Binge drinking, also known as heavy episodic drinking, is an abusive form of alcohol consumption…
Even One-Off Binge Drinking in Pregnancy Affects Child’s Mental Health
Binge drinking is a form of excessive alcohol intake marked by rapid consumption that leads to legal intoxication. Current evidence indicates that pregnant women who participate in this form of drinking can seriously alter the brain development of their unborn children. In a study published in September 2014 in the journal European Child & Adolescent Psychiatry, a team of British and Australian researchers investigated the negative impact that even a single episode of binge drinking during pregnancy can have on the mental health outcomes of children 11 years later.
In the U.S., the generally accepted public health standard for binge drinking requires the consumption of enough alcohol to get drunk in two hours. Women process alcohol more slowly than men, even when they have equal body weights; this means women must consume less alcohol than men before crossing the alcohol binging threshold. On average, it takes four standard servings of alcohol to produce drunkenness in a woman in two hours or less (versus five or more servings for men). Apart from any impact on pregnancy, known risks related to binge drinking include higher chances of getting involved in a car accident, higher chances of developing potentially fatal alcohol poisoning, higher chances of being exposed to purposeful physical attacks and higher chances of being exposed to sexual attacks. In addition, anyone who binges on alcohol at least once a month has substantially increased odds of eventually meeting the requirements for a diagnosis of alcohol abuse/alcoholism (i.e., alcohol use disorder).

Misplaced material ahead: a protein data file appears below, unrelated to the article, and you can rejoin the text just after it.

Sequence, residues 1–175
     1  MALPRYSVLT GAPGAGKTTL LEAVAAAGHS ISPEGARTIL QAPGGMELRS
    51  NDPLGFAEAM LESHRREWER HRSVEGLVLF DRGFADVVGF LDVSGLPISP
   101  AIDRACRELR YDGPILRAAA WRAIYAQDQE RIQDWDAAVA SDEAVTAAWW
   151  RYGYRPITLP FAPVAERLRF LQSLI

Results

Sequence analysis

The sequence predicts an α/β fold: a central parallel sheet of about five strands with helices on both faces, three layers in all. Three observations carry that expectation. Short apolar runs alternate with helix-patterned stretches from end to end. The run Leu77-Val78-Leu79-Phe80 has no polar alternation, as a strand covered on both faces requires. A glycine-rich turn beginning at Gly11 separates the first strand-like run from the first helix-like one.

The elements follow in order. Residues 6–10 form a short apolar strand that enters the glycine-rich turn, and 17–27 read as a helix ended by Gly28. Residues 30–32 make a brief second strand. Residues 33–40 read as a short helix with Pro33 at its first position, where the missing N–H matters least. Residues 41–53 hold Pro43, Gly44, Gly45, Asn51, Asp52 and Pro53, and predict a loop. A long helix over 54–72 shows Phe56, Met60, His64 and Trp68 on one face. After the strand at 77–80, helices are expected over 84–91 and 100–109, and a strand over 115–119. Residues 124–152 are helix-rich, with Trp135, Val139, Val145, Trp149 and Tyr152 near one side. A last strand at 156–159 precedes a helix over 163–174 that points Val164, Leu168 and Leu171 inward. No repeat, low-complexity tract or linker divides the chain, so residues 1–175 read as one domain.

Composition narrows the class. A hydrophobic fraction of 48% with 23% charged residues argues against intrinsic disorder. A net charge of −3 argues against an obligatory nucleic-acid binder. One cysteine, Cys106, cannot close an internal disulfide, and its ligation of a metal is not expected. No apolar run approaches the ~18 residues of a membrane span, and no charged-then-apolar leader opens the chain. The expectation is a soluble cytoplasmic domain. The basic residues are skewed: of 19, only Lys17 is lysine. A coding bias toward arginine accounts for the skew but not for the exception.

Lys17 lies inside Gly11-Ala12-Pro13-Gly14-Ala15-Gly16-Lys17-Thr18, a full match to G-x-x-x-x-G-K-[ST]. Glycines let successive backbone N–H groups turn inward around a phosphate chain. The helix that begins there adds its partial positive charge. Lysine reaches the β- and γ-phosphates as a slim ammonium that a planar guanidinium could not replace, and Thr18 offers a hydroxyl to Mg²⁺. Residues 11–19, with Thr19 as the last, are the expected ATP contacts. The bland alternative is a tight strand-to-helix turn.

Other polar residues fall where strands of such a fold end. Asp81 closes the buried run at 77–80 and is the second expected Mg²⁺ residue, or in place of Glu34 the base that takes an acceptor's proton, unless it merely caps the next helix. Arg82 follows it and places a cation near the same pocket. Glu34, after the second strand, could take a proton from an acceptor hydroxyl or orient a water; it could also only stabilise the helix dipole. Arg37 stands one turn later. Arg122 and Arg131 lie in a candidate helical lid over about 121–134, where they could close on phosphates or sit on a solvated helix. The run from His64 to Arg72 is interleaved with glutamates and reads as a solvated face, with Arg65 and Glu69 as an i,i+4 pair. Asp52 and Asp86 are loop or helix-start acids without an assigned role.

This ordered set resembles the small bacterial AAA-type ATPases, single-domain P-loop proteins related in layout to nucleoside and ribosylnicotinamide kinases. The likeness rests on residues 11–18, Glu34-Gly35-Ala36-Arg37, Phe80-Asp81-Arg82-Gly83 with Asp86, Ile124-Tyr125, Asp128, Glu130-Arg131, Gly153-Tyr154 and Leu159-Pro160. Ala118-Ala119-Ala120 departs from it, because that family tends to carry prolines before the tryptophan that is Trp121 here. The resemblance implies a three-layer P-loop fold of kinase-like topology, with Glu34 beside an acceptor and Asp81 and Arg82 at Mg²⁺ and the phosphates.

Alcohol Binging and Pregnancy
During pregnancy, any amount of alcohol consumption can disrupt fetal development. However, the National Institute on Alcohol Abuse and Alcoholism reports, binge drinking is especially risky for pregnant women since it heavily increases the level of alcohol flowing through the bloodstream from mother to developing child. Unfortunately, some of the most damaging impacts associated with binge drinking can occur in the early stages of pregnancy before an expectant mother is even aware of her condition. Additional periods of increased susceptibility also occur at other stages of pregnancy. Possible brain-related consequences of alcohol binging include a substantial reduction in a newborn’s brain size, malformation of the pathways that connect various parts of the brain and damage to the nerve cells that populate any given brain area. Some of the effects of binge drinking exposure may be obvious at birth; however, other effects may only manifest at a much later time.
Impact on Children’s Mental Health
In the study published in European Child & Adolescent Psychiatry, researchers from six British institutions and Australia’s University of Queensland used information from a large-scale, long-term project called the Avon Longitudinal Study of Parents and Children to gauge the impact that binge drinking in pregnancy has on the mental health outcomes of children at age 11. A total of 6,939 children born to 4,610 women took part in this project. Although the study was not conducted in the U.S., the researchers used a standard for women’s alcohol binging that closely approximates the standard used in America (four or more drinks per day vs. four or more drinks in two hours or less).
After accounting for the potential influences of other factors that can affect children’s mental health, the researchers concluded that even a single episode of binge drinking during pregnancy can lead to notable mental health problems in both boys and girls. Problems found in 11-year-old girls exposed to binge drinking in the womb include increased rates of the hyperactivity and inattention that characterize attention-deficit hyperactivity disorder (ADHD) and diminished classroom performance. Eleven-year-old boys exposed to binge drinking in the womb also experience diminished classroom performance in comparison to their peers unaffected by prenatal alcohol exposure.
The study’s authors and the National Institute on Alcohol Abuse and Alcoholism note that a woman who binge drinks during pregnancy may not consume alcohol on a regular basis. Such a sporadic pattern of alcohol intake may effectively mask some of the dangers associated with alcohol binging. However, as the current study’s findings reflect, even isolated binge drinking in pregnancy can have long-term negative consequences (namely, symptoms related to the presence of ADHD) for children born to alcohol-consuming mothers.